Most of us are familiar with the concept of global warming. But did you know one of the biggest allies in our battle against rising temperatures are the oceans? Our oceans gave us life, and are currently fighting a tremendous silent struggle against climate change by absorbing as much as 90% of the excess heat that the warming planet generates worldwide.
90% is clearly not a tiny number by the stretch of anyone’s imagination. This statistic also means that while we’ve been fretting about keeping temperatures below 1.5°C to limit the catastrophic effects of climate change to a minimum, the same has already transpired under the ocean. Ocean heatwaves are a thing, and similar to the surface, they’re also becoming more intense and frequent.
While we can quickly dip in our local swimming pools to wash away the sweat off our sweltering bodies, our marine friends don’t possess the luxury — contrary to what Spongebob’s Goo Lagoon might imply. This underwater scalding doesn’t just present massive repercussions for marine life, but could also end up slashing economies of hundreds of millions of dollars in fishery damages.
The wrath of the Blob
Perhaps the most famous marine heatwave we’ve known of is ‘The Blob’, which warmed large swaths of surface waters across the northeastern Pacific Ocean in 2013-2016. This resulted in catastrophic damage to marine ecosystems across the United States West Coast, costing the economy about $185 million in just a year.
While those were the immediate effects, we’ve also learned of the Blob’s long-term detriments. A 2021 National Oceanic and Atmospheric Administration (NOAA) study established that the abundance of cod — an extremely popular and important fish — had dropped by over 71% between 2015 and 2017.
A new low, even for heatwaves!
The newest find is that while we’ve only established heatwaves at the ocean’s surface so far, it turns out that they take place at the bottom of the seafloor as well, and that too with equally devastating effects (if not worse).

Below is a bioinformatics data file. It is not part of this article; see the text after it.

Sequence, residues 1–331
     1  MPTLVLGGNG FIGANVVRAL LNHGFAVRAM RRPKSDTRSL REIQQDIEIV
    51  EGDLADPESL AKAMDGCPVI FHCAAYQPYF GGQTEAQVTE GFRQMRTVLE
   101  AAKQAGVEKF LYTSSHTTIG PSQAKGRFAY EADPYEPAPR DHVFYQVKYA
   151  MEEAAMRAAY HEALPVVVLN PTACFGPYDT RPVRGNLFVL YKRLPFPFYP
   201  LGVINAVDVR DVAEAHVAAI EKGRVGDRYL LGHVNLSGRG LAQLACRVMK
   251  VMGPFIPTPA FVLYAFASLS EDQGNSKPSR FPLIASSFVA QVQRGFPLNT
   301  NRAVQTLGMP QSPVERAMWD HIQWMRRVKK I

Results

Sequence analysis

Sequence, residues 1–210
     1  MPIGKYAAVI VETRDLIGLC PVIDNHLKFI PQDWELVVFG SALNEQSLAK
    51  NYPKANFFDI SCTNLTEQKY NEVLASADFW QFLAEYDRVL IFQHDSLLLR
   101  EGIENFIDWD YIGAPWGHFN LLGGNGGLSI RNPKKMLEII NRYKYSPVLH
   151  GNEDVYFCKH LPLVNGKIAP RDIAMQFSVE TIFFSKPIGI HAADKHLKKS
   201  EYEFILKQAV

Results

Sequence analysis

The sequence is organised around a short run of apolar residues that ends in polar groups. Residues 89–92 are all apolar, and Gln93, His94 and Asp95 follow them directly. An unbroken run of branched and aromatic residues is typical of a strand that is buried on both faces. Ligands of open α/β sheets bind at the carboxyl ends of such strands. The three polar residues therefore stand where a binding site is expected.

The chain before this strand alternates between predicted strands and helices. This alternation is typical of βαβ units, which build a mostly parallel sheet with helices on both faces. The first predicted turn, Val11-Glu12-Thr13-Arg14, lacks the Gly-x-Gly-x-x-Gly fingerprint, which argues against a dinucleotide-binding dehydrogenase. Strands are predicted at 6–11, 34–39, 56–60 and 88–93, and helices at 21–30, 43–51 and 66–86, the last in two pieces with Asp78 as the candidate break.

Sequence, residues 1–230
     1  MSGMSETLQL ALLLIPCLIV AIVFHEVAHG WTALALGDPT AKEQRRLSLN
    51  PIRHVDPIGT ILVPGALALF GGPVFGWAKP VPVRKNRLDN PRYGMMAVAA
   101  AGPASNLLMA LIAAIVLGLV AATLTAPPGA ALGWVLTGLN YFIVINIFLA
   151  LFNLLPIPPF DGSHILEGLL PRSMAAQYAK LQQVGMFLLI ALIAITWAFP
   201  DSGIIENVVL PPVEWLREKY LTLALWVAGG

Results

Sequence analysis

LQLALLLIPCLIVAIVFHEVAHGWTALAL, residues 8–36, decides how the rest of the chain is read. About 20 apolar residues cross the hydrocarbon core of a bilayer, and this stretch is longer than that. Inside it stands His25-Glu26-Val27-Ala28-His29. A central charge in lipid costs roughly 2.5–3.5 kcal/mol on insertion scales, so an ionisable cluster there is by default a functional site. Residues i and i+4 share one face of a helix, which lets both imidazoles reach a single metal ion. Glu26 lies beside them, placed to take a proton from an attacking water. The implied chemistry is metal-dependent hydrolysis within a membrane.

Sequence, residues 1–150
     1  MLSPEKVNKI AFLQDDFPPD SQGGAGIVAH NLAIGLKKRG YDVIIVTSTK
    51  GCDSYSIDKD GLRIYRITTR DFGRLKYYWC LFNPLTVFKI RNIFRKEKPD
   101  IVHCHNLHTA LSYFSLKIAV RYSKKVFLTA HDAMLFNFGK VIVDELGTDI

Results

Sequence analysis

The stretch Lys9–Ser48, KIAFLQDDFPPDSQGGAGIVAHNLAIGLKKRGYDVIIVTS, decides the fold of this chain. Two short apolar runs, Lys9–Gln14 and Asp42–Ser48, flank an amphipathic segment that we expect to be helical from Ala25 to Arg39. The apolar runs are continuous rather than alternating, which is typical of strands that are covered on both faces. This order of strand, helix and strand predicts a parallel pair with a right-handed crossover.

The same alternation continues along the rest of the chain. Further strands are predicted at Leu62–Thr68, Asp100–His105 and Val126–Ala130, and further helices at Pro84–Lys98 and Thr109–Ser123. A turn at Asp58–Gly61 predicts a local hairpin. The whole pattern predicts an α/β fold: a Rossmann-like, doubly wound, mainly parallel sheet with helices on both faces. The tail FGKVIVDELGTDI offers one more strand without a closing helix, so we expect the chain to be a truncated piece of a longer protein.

“Researchers have been investigating marine heat waves at the sea surface for over a decade now,” lead author Dillon Amaya explains. “This is the first time we’ve been able to really dive deeper and assess how these extreme events unfold along shallow seafloors.”
Using new “reanalysis” techniques to simulate the ocean and our atmosphere, scientists found that bottom marine heatwaves tend to last longer than the surface. Furthermore, they can occur simultaneously in one region, especially where shallow waters allow the two planes of water to mingle.
It’s much easier to gauge surface temperatures using satellites, ships and buoys, and these measurements serve as excellent indicators for physical and biochemical ocean characteristics of marine ecosystems. Any change in these parameters has the potential to hurt colonies of organisms as tiny as plankton and krill, or even behemoths like whales.
But as it turns out, we can’t exactly rely on surface water changes to indicate bottom heatwaves either, since they occur independent of surface ocean heatwaves.
“That means it can be happening without managers realising it until the impacts start to show,” said Amaya.
And the effects can be disastrous. Bottom warming has been linked to a bloom in the pesky and invasive lionfish numbers along the southeast US coasts, coral bleaching, decline in reef fish and cod numbers. Lobsters have nearly disappeared from the shore in New England.
Amid these impacts, it becomes imperative that we employ better ways of monitoring these heatwaves when they occur.
“We know that early recognition of marine heat waves is needed for proactive management of the coastal ocean,” notes co-author Michael Jacox. “Now it’s clear that we need to pay closer attention to the ocean bottom, where some of the most valuable species live and can experience heat waves quite different from those on the surface.”